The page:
Burns trigger an immediate, dramatic inflammatory response, as well as a more delayed and longer-lasting hypermetabolic one. The latter can cause depletion of essential proteins, reduced bone density and muscle strength, and can compromise the function of vital organs. But whilst it’s well known that increased burn size leads to increased mortality in burned patients, the roles played by inflammation and hypermetabolism are less clear.
Marc G. Jeschke from Shriners Hospitals for Children, Texas, USA and colleagues conducted a prospective clinical trial of 189 paediatric burned patients over nine years to see if burn size is associated with differences in inflammation, body composition, protein synthesis and organ function.
Burn injuries involving more than 80% of the total body surface cause marked and prolonged inflammation, increases in hypermetabolism, catabolism, cardiac dysfunction and subsequently higher incidences of infection, sepsis and death. These effects were burn size-dependent. Another outstanding finding was that effect of burn size on cardiac dysfunction. Only large burns caused cardiac dysfunction which was shown by Pereira et al. as one of the major contributor to mortality, implying the importance of adequate cardiovascular support and treatment.
Patients with larger burns also had higher levels of pro-inflammatory cytokines, such as Tumor Necrosis Factor and Interleukin-8. The authors think these give the inflammatory response an added boost, enhancing catabolism and hypermetabolism.
Charlotte Webber | alfa
Potential seen for tailoring treatment for acute myeloid leukemia
10.12.2018 | University of Washington Health Sciences/UW Medicine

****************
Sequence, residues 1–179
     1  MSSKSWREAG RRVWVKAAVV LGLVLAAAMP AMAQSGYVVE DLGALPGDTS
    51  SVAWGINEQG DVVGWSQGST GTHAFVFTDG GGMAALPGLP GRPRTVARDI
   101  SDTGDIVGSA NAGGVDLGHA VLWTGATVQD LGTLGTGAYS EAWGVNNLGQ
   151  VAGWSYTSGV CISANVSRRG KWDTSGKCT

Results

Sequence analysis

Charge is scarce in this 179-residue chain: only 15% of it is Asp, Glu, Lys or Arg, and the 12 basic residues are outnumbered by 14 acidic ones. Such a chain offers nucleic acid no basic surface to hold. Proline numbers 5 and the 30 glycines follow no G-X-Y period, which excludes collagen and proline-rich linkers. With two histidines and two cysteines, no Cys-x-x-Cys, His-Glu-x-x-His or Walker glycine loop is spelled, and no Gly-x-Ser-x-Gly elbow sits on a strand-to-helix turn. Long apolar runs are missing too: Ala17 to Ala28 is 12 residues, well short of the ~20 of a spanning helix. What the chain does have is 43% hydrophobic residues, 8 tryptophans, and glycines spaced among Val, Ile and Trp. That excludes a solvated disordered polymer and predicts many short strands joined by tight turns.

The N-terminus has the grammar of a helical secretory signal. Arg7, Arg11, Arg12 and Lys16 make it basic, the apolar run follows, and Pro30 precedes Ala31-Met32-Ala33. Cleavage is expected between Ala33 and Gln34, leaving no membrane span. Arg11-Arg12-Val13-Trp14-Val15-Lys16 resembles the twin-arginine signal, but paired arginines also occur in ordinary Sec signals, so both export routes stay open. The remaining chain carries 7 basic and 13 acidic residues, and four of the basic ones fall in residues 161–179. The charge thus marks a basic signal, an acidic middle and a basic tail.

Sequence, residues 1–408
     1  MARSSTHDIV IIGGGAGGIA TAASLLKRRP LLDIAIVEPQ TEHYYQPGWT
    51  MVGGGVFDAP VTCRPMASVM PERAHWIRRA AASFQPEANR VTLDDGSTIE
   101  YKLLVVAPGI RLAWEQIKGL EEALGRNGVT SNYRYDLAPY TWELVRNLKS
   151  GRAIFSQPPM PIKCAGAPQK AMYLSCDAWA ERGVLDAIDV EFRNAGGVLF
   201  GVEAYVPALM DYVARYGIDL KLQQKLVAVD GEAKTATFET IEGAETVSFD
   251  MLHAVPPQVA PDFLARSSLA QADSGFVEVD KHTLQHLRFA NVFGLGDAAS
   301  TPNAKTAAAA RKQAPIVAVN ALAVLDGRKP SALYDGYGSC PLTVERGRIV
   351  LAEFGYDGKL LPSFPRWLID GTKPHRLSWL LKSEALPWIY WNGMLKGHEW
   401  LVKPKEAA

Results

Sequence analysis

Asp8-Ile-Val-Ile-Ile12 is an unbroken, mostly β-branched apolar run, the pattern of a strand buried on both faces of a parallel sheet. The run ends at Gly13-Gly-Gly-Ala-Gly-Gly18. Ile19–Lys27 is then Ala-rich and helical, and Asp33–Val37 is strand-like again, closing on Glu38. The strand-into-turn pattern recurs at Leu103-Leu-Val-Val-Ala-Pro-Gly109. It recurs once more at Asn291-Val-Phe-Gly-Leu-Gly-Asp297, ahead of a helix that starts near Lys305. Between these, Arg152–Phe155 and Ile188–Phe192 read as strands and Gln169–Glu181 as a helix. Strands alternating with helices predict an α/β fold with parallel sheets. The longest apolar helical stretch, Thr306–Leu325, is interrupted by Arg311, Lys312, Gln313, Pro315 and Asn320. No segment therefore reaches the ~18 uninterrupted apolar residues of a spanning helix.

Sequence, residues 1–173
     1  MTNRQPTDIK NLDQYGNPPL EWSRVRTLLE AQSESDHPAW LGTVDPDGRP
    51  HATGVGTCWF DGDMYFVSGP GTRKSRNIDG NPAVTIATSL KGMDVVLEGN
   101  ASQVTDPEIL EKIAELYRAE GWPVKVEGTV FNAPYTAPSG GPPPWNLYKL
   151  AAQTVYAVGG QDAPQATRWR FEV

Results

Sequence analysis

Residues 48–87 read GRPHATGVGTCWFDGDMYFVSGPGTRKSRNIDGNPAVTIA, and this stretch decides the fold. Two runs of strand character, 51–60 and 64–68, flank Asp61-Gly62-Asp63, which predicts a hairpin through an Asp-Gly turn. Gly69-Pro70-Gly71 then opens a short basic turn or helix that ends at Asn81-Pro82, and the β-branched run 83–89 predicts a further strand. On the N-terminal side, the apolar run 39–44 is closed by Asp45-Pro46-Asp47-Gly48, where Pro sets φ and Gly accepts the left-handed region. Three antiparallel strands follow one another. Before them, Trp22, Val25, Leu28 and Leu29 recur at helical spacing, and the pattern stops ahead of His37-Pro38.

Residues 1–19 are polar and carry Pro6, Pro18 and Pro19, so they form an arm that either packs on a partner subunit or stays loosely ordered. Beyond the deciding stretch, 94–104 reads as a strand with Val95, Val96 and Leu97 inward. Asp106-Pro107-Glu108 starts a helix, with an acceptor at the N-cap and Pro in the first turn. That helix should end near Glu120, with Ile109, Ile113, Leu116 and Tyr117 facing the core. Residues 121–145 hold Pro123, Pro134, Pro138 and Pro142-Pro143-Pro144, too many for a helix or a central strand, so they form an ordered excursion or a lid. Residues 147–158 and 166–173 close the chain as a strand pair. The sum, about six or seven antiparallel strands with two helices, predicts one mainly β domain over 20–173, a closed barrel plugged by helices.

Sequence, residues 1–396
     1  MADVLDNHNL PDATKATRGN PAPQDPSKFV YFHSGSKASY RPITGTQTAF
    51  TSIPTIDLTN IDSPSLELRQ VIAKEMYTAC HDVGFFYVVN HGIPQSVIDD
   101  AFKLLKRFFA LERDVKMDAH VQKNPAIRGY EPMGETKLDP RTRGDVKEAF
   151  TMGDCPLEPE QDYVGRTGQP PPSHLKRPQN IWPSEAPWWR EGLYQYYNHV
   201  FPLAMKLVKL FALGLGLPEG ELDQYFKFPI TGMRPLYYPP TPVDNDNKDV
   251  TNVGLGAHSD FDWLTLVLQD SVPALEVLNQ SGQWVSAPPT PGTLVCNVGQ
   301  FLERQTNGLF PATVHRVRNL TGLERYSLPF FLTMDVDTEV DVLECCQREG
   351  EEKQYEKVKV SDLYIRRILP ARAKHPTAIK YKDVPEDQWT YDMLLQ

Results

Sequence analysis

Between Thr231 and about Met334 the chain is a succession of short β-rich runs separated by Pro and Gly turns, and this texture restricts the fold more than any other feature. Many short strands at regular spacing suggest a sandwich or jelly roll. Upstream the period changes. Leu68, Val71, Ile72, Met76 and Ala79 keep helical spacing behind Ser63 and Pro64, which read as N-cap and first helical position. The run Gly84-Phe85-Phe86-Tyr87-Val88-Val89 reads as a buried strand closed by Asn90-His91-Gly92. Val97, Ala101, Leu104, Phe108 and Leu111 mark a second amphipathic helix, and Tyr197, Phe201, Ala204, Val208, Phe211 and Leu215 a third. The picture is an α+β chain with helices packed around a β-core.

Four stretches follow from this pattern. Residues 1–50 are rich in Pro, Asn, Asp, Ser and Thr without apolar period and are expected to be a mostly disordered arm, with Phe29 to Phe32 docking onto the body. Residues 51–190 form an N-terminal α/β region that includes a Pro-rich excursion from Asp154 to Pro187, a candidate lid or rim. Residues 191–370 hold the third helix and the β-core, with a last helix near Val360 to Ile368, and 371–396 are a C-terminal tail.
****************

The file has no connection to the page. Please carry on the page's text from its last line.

UC San Diego researchers develop sensors to detect and measure cancer's ability to spread
06.12.2018 | University of California - San Diego
What if a sensor sensing a thing could be part of the thing itself? Rice University engineers believe they have a two-dimensional solution to do just that.
Rice engineers led by materials scientists Pulickel Ajayan and Jun Lou have developed a method to make atom-flat sensors that seamlessly integrate with devices...
Scientists at the University of Stuttgart and the Karlsruhe Institute of Technology (KIT) succeed in important further development on the way to quantum Computers.
Quantum computers one day should be able to solve certain computing problems much faster than a classical computer. One of the most promising approaches is...
New Project SNAPSTER: Novel luminescent materials by encapsulating phosphorescent metal clusters with organic liquid crystals
Nowadays energy conversion in lighting and optoelectronic devices requires the use of rare earth oxides.
Scientists have discovered the first synthetic material that becomes thicker - at the molecular level - as it is stretched.
Researchers led by Dr Devesh Mistry from the University of Leeds discovered a new non-porous material that has unique and inherent "auxetic" stretching...
Scientists from the Theory Department of the Max Planck Institute for the Structure and Dynamics of Matter (MPSD) at the Center for Free-Electron Laser Science (CFEL) in Hamburg have shown through theoretical calculations and computer simulations that the force between electrons and lattice distortions in an atomically thin two-dimensional superconductor can be controlled with virtual photons. This could aid the development of new superconductors for energy-saving devices and many other technical applications.
The vacuum is not empty. It may sound like magic to laypeople but it has occupied physicists since the birth of quantum mechanics.
10.12.2018 | Event News
06.12.2018 | Event News
03.12.2018 | Event News
10.12.2018 | Life Sciences
10.12.2018 | Physics and Astronomy
10.12.2018 | Life Sciences